Former newspaper tycoon Eddy Shah, cleared last month of raping a schoolgirl in the 1990s, has said underage girls who engage in consensual sex must take blame for the abuse they suffer.
The 69-year-old, from Chippenham, Wiltshire, was found not guilty at the Old Bailey of raping a girl at upmarket London hotels when she was aged between 12 and 15.
In his first in-depth interview since then, Mr Shah described charges of rape relating to girls under 16 who “threw themselves” at celebrities as “a technical thing”.
He also claimed that Scotland Yard’s investigation into allegations of sexual abuse by Jimmy Savile and other television stars from the 1970s and 1980s is developing into a “witch hunt”.
His controversial comments come after a prosecutor was suspended and a judge placed under investigation this week when it emerged a 13-year-old female sex abuse victim was labelled “predatory” and “sexually experienced” in court.
In an interview with presenter Stephen Nolan for BBC Radio 5 Live, Mr Shah said: “Rape was a technical thing – below a certain age. But these girls were going out with pop groups and becoming groupies and throwing themselves at them.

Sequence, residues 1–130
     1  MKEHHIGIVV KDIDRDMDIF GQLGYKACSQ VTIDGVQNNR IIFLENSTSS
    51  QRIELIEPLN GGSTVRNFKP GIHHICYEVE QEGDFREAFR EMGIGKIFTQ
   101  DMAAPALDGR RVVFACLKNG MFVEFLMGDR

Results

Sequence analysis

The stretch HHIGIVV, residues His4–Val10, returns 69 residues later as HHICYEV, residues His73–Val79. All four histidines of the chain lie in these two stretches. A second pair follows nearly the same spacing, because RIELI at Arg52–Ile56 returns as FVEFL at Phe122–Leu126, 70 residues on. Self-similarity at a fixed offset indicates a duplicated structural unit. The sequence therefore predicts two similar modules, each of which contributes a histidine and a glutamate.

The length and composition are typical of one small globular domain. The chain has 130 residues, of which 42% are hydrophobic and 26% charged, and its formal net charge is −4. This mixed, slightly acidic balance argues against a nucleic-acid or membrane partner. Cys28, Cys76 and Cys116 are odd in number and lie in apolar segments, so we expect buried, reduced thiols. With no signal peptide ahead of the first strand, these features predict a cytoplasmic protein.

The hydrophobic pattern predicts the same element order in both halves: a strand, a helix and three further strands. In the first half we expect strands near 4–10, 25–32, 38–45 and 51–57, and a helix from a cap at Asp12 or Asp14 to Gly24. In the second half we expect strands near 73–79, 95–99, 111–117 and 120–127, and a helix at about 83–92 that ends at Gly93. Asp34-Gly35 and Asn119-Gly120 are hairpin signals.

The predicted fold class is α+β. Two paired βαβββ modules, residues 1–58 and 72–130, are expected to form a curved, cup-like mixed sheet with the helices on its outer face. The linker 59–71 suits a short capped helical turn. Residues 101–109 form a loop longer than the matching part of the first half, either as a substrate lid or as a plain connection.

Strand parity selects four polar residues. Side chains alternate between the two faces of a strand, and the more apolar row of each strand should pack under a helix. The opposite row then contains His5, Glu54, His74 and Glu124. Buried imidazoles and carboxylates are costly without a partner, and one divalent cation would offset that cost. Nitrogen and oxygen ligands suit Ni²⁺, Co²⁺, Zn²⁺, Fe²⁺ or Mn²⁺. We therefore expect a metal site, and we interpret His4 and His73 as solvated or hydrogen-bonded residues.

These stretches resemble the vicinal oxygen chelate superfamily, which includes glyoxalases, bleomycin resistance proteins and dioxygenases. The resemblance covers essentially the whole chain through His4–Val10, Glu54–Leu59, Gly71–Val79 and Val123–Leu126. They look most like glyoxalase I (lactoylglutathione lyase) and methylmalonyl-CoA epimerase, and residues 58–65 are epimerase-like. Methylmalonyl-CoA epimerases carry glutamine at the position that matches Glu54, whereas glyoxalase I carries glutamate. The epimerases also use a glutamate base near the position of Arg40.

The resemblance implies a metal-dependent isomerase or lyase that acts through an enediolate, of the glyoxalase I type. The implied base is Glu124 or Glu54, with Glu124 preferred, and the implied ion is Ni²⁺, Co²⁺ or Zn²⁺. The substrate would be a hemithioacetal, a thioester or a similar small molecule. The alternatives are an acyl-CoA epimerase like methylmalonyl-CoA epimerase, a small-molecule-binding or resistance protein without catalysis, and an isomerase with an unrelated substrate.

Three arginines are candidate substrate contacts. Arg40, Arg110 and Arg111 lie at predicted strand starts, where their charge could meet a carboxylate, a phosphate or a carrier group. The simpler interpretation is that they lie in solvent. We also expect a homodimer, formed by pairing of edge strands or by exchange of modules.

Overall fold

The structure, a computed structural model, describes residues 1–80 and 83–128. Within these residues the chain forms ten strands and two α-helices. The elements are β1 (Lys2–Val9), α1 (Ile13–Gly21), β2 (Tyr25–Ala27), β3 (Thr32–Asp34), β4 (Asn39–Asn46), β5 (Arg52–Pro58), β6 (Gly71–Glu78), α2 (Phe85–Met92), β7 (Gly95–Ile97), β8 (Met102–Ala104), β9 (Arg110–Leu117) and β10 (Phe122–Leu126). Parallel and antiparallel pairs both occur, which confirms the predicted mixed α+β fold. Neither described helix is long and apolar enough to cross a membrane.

“Young girls and young men have always wanted a bit of excitement when they are young. They want to appear adult and do adult things.”
Asked if this meant the underage victims were themselves at fault, he said: “If we’re talking about girls who just go out and have a good time, then they are to blame. If we talk about people who go out and actually get ‘raped’ raped, then I feel no – and everything should be done against that.”
Mr Shah was asked if he thought the Operation Yewtree investigation into Savile and others is in danger of becoming a witch hunt.
“I think it’s developing into that – it’s easy policing and it’s easy prosecutions.” he said.
“It’s going back to the witch hunt theory. I’d rather be dunked in water for two minutes and if I came out alive I was not guilty, and if I was dead I was guilty.
“In a civilised society there’s got to be more checks and balances before these sort of accusations are used. It’s great headlines in papers, it’s great to talk about these things. And it’s emotional stuff and the emotion always falls on the side of the person who is supposed to have been raped.”
Mr Shah said he had been helping a “very well-known person” charged by Operation Yewtree investigators deal with the “horrible, horrible feeling” of “emptiness about everything” that he had experienced when he was accused of rape.